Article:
Seven: Embrace diversity!

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Research published in Global Change Biology found that organic farming benefits biodiversity. Looking at data from around the world, the research found that overall, organic farms and fields with high levels of plant diversity increased both the abundance and the number of species of beneficial insects such as pollinators and pest predators. Another study published in the scientific journal Agriculture, Ecosystems & Environment found that organic vineyards in Spain are home to more butterflies and plants than their conventional counterparts. A final study from Japan confirms that bird diversity is greater on organic versus conventional apple orchards.

Eight: Know the true costs of pesticides.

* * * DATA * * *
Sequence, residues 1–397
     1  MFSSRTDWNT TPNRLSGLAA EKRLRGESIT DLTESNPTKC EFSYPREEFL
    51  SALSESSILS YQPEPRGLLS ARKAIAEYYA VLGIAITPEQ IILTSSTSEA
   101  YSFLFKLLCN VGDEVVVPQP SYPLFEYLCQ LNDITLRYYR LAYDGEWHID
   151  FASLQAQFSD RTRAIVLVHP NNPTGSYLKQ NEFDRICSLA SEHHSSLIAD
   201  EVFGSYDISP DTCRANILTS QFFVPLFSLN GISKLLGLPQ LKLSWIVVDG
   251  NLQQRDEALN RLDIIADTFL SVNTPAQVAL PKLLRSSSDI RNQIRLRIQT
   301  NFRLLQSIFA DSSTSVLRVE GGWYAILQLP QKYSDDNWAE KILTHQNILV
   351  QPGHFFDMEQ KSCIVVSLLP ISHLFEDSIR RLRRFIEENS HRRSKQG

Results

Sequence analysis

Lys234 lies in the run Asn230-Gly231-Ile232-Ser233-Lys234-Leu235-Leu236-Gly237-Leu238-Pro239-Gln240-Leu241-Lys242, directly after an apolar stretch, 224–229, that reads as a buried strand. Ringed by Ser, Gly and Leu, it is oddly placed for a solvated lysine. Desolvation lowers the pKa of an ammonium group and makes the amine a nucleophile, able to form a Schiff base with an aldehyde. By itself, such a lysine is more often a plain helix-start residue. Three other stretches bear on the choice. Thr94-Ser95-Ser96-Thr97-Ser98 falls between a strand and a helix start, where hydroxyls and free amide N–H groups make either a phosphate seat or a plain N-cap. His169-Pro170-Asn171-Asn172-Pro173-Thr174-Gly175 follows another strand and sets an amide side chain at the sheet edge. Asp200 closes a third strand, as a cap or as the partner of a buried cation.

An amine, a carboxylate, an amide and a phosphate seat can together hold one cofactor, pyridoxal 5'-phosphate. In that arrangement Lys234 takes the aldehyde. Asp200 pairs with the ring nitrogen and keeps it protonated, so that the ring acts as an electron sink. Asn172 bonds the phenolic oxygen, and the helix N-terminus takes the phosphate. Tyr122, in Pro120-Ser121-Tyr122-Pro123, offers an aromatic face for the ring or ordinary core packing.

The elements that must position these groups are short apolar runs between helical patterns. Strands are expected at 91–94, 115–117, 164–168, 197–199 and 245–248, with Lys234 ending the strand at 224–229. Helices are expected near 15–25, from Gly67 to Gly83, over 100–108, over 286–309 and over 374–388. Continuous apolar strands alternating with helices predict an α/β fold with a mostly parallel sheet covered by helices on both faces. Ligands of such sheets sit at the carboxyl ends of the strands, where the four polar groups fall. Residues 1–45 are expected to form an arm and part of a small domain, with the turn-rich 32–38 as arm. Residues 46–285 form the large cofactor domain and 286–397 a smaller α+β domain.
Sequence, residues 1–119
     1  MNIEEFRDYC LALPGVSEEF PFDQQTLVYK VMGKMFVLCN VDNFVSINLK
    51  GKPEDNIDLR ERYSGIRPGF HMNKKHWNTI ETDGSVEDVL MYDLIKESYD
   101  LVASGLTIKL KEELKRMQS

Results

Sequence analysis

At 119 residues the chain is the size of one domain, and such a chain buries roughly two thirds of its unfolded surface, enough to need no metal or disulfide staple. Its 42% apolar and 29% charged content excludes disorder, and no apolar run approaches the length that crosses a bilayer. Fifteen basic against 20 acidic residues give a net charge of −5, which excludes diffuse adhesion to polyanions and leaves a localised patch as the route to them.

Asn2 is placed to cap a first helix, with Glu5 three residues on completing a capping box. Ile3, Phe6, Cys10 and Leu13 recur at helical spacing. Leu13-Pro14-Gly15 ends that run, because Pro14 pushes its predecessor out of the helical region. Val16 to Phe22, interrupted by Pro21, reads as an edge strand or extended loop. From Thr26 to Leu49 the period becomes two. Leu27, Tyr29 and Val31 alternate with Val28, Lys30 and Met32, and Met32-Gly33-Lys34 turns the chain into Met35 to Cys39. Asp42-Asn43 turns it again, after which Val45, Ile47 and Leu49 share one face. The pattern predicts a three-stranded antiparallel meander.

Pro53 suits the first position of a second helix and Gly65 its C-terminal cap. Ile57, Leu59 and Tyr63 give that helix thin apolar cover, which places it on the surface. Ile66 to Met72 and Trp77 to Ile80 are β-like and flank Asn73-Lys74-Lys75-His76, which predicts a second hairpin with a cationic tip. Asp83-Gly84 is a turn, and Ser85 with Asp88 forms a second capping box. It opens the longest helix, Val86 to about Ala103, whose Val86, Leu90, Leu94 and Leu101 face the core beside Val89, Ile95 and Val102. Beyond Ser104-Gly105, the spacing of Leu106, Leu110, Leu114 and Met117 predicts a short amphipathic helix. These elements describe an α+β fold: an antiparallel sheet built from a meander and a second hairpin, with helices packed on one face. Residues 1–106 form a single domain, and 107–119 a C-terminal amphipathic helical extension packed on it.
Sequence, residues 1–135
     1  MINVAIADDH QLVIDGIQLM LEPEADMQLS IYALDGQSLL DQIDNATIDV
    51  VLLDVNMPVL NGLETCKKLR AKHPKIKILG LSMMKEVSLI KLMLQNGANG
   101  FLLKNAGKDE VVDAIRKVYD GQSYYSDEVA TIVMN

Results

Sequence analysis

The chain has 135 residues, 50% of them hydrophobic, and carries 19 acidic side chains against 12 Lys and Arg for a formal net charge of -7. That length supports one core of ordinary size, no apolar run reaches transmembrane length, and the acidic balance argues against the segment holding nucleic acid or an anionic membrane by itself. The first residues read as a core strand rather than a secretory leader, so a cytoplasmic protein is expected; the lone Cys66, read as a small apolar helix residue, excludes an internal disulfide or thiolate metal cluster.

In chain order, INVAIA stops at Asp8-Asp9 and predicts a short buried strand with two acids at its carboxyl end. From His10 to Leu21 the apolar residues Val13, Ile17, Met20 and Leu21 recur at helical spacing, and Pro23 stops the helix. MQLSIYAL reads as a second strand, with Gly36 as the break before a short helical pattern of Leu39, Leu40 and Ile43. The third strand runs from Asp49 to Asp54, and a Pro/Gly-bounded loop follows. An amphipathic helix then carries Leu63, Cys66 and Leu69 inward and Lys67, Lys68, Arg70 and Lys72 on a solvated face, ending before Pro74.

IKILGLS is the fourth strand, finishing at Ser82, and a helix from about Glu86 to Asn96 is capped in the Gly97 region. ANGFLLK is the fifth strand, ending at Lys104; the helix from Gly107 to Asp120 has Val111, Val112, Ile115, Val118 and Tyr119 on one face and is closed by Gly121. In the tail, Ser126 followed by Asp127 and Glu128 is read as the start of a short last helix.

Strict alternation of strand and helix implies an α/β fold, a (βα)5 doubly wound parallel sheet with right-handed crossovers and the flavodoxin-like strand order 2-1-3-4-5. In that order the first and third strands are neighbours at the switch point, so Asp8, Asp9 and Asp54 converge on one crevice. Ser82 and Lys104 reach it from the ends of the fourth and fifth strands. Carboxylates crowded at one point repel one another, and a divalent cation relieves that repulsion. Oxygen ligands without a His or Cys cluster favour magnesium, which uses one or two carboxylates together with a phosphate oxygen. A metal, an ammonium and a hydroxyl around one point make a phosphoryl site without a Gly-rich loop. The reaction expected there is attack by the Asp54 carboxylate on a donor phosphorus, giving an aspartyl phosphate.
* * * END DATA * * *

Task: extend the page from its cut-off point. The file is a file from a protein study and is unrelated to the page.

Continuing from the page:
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Critics of organic often cite the benefits of pesticide use, such as controlling pests and boosting yields, but economic models rarely incorporate hidden and external costs of pesticide use on human health and the environment. A study in Sustainable Agriculture Reviews estimates the costs of these negative impacts. The researchers analyzed 61 papers published between 1980 and 2014 and 30 independent datasets examining costs associated with the purchase and application of pesticides and the impact of treatments on humans and the environment. The study showed that past calculations have grossly underestimated the costs associated with pesticide use by omitting such information as fatalities due to chronic pesticide exposure. After further review of the data, researchers increased the cost calculation estimate tenfold, from $1.5 billion to $15 billion in the United States alone, and urged a re-evaluation of pesticide use because the costs associated with pesticide use may outweigh the benefits.